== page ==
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Comma Down—Commas After Nouns and Pronouns of Direct Address (Introductory and Otherwise)

It’s customary to follow an introductory phrase with a comma unless it’s really short and doesn’t seem to need one. You’re never wrong to use one, so I would recommend taking the guesswork out of the whole ordeal by just using one there.

This one is pretty easy. A noun in direct address just means that you are using  names or labels of some sort to get someone’s attention or to speak directly to them. When you put this in writing, you need a comma to separate the name or label from the rest of the sentence.

Consider this conversation.

Sweetie, please go down into the basement and bring Mommy the box of spiders that we’ve been saving for Halloween.”

“No, Mommy! Please don’t make me!”

“Don’t worry, Smuggims. They’re not real.”

“But they still scare me, Mommy!”

“OK, Punkin-Poo. Mommy will do it this time.”

“Don’t be mad, Mommy. Maybe I could do it when I turn five!”

“Sugar-Face, I’m not mad. It’s just harder for me to sneak past the ogre who sleeps next to the furnace.”

“He’s not so bad, Mommy. He likes me! Me and Daddy always bring him tasty chum left over from our fishing trips.”

“Really? Then here, my little Huggy Bear, is what we’ll do. We’ll hold hands and go down into the basement together! You can distract the ogre while I get the spiders!”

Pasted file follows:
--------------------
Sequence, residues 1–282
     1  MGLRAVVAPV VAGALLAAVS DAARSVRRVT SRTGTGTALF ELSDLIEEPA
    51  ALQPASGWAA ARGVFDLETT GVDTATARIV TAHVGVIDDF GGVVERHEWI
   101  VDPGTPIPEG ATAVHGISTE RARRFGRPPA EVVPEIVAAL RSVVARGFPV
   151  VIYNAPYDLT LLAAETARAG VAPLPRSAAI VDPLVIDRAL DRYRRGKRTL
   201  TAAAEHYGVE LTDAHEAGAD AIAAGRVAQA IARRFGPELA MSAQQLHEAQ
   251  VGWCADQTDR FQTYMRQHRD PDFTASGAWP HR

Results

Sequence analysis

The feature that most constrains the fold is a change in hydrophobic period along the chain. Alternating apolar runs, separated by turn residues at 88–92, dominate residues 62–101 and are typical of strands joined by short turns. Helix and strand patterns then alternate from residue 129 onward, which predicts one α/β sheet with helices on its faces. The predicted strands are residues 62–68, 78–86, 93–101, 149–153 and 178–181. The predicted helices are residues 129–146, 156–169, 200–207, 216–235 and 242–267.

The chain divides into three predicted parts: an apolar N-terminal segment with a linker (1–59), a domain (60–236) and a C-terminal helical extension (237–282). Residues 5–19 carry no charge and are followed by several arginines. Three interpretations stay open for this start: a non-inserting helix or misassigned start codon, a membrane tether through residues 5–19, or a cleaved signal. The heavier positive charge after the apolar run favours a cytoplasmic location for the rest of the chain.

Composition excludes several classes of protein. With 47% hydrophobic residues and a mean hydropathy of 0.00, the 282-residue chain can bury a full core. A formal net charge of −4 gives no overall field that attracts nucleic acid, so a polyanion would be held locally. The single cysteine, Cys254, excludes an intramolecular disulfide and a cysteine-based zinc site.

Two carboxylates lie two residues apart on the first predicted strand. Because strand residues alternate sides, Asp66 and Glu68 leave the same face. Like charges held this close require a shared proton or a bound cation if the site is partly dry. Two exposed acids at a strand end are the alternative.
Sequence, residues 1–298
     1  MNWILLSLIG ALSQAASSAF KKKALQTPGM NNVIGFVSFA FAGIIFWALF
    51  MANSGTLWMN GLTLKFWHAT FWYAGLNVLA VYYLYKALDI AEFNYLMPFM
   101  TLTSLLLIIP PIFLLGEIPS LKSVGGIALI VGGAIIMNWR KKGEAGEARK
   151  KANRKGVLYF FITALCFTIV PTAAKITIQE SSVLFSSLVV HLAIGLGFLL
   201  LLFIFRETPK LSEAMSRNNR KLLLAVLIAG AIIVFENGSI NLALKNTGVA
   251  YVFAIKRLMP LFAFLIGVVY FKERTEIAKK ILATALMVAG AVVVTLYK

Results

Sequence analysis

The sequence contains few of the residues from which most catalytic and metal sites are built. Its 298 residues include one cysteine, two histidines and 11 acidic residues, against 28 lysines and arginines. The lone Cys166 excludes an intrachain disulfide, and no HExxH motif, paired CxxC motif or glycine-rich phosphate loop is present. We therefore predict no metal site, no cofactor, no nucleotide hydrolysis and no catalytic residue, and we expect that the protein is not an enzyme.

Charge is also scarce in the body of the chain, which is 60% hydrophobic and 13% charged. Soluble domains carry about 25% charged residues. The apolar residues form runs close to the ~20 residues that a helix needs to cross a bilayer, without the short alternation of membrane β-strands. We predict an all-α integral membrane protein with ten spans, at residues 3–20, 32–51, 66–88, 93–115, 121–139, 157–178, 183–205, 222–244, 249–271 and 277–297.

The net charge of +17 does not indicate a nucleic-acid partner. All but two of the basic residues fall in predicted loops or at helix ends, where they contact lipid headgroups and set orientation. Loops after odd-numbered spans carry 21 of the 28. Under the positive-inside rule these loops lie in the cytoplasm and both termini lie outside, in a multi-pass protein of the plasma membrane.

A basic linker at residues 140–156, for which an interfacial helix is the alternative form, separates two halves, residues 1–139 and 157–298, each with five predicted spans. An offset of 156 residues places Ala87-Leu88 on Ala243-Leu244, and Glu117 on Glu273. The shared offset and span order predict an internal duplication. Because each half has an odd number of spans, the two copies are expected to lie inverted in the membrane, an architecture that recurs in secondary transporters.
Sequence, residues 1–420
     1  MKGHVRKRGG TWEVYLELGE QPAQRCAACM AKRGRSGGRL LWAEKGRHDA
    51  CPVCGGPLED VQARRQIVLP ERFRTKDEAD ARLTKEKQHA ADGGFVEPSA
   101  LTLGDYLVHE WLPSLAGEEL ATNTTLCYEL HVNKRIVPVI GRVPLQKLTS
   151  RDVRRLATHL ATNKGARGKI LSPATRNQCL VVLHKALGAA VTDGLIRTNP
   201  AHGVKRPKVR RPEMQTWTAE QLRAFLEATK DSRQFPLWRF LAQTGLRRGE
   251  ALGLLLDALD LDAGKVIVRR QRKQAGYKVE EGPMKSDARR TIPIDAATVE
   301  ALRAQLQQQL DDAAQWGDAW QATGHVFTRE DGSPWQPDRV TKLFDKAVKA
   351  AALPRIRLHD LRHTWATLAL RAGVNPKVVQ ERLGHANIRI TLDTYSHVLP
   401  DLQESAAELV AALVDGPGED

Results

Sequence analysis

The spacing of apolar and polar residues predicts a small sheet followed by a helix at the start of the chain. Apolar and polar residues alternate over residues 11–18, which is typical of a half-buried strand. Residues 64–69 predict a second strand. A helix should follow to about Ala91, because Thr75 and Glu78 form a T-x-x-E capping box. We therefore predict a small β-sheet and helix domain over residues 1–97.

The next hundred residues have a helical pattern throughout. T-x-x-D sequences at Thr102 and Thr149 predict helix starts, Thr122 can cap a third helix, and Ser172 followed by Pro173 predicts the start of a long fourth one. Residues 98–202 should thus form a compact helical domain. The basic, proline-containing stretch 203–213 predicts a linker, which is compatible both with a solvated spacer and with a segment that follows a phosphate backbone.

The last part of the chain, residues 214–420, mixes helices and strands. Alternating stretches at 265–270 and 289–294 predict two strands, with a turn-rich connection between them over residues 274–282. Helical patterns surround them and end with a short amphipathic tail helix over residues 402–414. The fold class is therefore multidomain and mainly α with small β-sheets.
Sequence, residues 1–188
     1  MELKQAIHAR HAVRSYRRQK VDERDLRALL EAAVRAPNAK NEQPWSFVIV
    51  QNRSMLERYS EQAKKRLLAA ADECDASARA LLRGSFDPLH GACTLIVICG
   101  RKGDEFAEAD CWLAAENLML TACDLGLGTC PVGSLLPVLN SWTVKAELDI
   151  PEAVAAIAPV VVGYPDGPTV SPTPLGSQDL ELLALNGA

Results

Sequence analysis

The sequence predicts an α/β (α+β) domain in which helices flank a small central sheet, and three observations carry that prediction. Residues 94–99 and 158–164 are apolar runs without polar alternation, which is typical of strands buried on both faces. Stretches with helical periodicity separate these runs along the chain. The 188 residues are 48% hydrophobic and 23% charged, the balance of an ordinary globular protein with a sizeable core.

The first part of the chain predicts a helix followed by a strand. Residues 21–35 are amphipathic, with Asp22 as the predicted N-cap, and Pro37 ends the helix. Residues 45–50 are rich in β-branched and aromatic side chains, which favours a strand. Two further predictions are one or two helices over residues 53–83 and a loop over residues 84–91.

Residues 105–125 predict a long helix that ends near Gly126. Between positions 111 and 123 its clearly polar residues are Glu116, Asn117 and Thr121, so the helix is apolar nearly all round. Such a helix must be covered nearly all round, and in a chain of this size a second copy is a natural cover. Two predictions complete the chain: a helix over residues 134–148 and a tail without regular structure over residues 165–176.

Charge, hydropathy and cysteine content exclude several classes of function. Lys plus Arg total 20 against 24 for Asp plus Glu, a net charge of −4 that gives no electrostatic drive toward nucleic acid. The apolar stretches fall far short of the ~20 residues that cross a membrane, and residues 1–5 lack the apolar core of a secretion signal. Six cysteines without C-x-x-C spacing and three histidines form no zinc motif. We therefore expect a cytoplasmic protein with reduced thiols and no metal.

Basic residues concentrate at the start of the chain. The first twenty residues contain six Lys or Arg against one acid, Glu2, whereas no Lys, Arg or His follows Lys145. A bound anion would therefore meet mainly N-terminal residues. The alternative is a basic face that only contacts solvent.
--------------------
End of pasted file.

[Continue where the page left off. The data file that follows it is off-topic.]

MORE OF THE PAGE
“That, Mommy, is the best idea ever!!”

Our nouns in direct address, then, are Sweetie, Mommy, Smuggims, Punkin-Poo, Sugar-Face and Huggy Bear. Notice that they are separated from other elements in the sentences by commas no matter where they appear.

Try It

Write a ten-line conversation between two people. Call them Calista and Zeus. The situation they’re in is up to you. They are speaking directly to each other in each line. Be sure, for practice, that you place their names in assorted locations in the sentences and that you separate the names from the main parts with commas.

Have fun with it!!

Suggestions for Comma in a Series /Adverbs (Add adverbs)

She spoke deafeningly, incessantly and maddeningly.

He wrote legibly, extensively and continuously

Cats sleep anywhere, everywhere, all the time.

We travel everywhere, often and lightly.

They dressed fashionably, expensively and colorfully.

Suggestions for Commas in a Series / Adverbs (Fill-In)

  1. The icky bug book was overly large, profusely illustrated and alarmingly true-to-life.
  2. The greedy baker’s cookies were sickeningly sweet, microscopically small and wildly expensive.
  3. The greasy pizza man made pies that were drippily saucy, hellishly spicy and fortunately tiny.
  4. Our itty little pup’s yips are strangely babyish, frustratingly relentless and inescapably adorable.
  5. His shiny new boss was absurdly young, preposterously inexperienced and laughably arrogant.